Menial is meaningful

One proposed solution for alleviating the economic distress and raising the income and wealth level in this country is improving the education system. It seems that there is agreement across the political spectrum on this general point. There is little or no agreement on how to do this, or even what we mean by education.
Economist Thomas Sowell writes to the latter point in a column published yesterday in the Jewish World Review, where he is a regular contributor. See this link  (also reprinted in the Dallas Morning News today here). 
“‘Education’ is a word that covers a lot of very different things, from vital, life-saving medical skills to frivolous courses to absolutely counterproductive courses that fill people with a sense of grievance and entitlement, without giving them either the skills to earn a living or a realistic understanding of the world required for a citizen in a free society.”
Sowell is right, of course. I would add that “education” in the broadest sense means learning how to think and the basic tools of the process; that is the “3Rs.” Learning a specific skill, whether it’s plumbing, computer programming, or brain surgery, is what I would call “training.” Both are essential for real life success, but good education is a necessary prerequisite for training in most particular skills. Furthermore, a highly developed ability to think can keep one from being trapped when a particular skill becomes obsolete in a world of rapid technological advance. More to Sowell’s point is what passes for education today fails to provide either specific skills or an ability to think. He continues:
“The lack of realism among many highly educated people has been demonstrated in many ways.
“When I saw signs in Yellowstone National Park warning visitors not to get too close to a buffalo, I realized that this was a warning that no illiterate farmer of a bygone century would have needed. No one would have had to tell him not to mess with a huge animal that literally weighs a ton, and can charge at you at 30 miles an hour.
“No one would have had to tell that illiterate farmer’s daughter not to stand by the side of a highway, trying to hitch a ride with strangers, as too many college girls have done, sometimes with results that ranged all the way up to their death.”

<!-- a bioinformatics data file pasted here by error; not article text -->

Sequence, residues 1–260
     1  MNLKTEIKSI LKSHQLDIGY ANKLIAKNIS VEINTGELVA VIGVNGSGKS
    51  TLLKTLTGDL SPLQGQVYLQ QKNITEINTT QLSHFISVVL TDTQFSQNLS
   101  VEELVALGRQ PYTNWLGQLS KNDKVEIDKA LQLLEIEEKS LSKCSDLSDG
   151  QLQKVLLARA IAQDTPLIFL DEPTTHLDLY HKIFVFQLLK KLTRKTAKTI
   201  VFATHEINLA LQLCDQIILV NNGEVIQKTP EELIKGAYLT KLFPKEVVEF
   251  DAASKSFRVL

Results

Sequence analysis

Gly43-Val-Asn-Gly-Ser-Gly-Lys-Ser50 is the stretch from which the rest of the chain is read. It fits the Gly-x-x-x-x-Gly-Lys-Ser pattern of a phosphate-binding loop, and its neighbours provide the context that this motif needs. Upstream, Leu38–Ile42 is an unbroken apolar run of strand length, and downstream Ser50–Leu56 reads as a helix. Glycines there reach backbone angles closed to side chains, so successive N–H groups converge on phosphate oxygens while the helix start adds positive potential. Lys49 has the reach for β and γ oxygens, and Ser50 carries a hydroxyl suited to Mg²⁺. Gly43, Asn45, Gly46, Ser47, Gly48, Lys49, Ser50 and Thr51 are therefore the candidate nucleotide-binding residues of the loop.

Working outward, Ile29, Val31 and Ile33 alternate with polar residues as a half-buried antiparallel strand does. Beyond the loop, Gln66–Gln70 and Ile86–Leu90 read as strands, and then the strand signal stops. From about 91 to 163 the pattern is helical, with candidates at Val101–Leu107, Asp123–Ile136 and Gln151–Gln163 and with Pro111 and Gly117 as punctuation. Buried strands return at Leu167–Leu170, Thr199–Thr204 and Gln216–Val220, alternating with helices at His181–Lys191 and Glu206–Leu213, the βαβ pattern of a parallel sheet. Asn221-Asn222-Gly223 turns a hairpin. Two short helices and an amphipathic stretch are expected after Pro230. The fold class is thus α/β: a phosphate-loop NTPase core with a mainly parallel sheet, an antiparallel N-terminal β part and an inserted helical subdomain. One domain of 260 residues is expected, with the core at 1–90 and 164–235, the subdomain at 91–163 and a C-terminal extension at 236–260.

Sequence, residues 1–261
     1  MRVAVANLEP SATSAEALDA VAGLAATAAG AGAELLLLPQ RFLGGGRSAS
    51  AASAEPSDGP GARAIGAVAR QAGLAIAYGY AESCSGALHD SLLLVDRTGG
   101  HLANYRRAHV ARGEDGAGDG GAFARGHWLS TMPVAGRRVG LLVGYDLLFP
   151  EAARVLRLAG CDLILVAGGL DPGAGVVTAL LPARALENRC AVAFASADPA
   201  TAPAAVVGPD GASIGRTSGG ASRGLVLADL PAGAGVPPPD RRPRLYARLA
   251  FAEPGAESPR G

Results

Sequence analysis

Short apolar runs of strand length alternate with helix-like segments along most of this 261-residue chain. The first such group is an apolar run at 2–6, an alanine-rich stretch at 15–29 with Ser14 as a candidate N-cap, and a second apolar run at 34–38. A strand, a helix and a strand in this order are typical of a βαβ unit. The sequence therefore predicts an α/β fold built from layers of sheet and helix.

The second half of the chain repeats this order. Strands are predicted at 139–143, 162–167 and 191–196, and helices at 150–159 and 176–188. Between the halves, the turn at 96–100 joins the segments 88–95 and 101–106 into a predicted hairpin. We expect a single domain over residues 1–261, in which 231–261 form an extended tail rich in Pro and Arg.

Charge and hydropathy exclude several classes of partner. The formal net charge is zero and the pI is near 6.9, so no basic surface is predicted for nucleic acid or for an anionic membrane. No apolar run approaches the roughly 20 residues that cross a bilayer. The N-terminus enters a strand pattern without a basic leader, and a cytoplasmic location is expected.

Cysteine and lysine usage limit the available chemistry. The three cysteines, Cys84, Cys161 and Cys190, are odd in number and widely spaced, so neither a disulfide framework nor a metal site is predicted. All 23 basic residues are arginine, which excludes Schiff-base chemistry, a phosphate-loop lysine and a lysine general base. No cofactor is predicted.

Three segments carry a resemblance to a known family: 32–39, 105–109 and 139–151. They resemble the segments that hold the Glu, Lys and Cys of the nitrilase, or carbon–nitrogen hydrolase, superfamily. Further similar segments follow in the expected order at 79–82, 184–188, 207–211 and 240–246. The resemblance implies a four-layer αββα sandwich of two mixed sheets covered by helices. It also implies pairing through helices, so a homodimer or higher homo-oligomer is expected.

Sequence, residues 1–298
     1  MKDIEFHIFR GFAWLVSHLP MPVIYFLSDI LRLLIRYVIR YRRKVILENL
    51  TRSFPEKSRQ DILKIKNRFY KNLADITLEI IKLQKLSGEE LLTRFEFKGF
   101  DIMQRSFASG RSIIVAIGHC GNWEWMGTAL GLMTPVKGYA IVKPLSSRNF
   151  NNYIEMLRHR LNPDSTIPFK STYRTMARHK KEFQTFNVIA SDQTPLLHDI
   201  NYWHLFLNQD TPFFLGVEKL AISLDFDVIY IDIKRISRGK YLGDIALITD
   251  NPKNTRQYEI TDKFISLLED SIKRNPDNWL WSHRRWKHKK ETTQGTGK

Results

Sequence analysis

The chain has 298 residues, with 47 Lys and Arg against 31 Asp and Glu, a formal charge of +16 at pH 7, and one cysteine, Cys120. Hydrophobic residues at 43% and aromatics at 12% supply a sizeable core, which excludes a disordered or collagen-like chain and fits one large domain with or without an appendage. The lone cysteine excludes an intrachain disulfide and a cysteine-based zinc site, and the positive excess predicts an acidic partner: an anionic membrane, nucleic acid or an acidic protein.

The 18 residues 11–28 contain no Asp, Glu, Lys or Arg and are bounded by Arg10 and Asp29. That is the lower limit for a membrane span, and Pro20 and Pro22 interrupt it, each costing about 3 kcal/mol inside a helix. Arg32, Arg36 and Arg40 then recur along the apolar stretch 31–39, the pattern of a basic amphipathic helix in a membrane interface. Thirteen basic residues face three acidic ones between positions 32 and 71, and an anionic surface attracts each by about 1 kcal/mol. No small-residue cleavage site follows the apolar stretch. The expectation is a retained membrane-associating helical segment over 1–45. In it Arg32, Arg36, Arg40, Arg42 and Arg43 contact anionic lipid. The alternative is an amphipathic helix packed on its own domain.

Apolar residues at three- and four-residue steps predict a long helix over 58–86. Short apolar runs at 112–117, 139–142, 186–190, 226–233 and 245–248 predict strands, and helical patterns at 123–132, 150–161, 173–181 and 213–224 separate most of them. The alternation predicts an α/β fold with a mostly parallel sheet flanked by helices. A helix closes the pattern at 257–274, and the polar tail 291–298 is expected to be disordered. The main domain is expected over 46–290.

There is much complaint among the general populace about the “elites” mucking up education, the economy, and the socio-cultural milieus by using government power to impose with their pet notions on us all. Some of this may be overstated, but there is a lot of truth in the gripe. The faculties of most universities justify their existence (and obtain government grants) by coming up with all kind of schemes for social and economic engineering. Most full time academics would describe themselves as liberal or progressive. When wondering why, keep in mind that nearly all of them came directly from high school to college and then into graduate school and barely saw the world outside of academia. As students, they aimed to please the professors, even if their own ideological bent leaned right. Once into the professoriat, they lobbied for tenure. Once tenured, they danced with who brung them – thus a self perpetuating oligarchy. Many of those who do not stay in academia, go into government employment. Of course, students with rightward ideology tend to seek the real world and can’t wait to get out of school, thinning the ranks of rightist academics even more.
“The dangers that a lack of realism can bring to many educated people are completely overshadowed by the dangers to a whole society created by the unrealistic views of the world promoted in many educational institutions.” Sowell continues.
“It was painful, for example, to see an internationally renowned scholar say that what low-income young people needed was “meaningful work.” But this is a notion common among educated elites, regardless of how counterproductive its consequences may be for society at large, and for low-income youngsters especially.” (My emphasis.)
Sowell continues by rhetorically asking what is “meaningful work.” In short, he answers, that the average ivory tower intellectual would answer “work that is satisfying.”
“At the very least, many intellectuals do not want the poor or the young to have to take ‘menial’ jobs. But people who are paying their own money, as distinguished from the taxpayers’ money, for someone to do a job are unlikely to part with hard cash unless that job actually needs doing, whether or not that job is called “menial” by others.”
Recall the furor that Newt Gingrich caused by having the temerity to suggest that inner-city high-school students might benefit (and make a few bucks to boot) by performing janitorial services for their schools. I wrote in this blog not too long ago about a student who did just that to defray his tuition – and later became a lawyer, army general, Congressman, and President of the United States.
Sowell concludes by observing that “Telling young people that some jobs are ‘menial’ is a huge disservice to them and to the whole society. Subsidizing them in idleness while they wait for “meaningful work” is just asking for trouble, both for them and for all those around them.”
Many of our most able leaders worked in the so-called menial jobs on their way up. Many of those drudge jobs were an education – its called the School of Hard Knocks” with graduate work at Screw U. In recent years, most have gone into business rather than politics – why put up with the abuse on the political campaign trails, although that is really nothing new.

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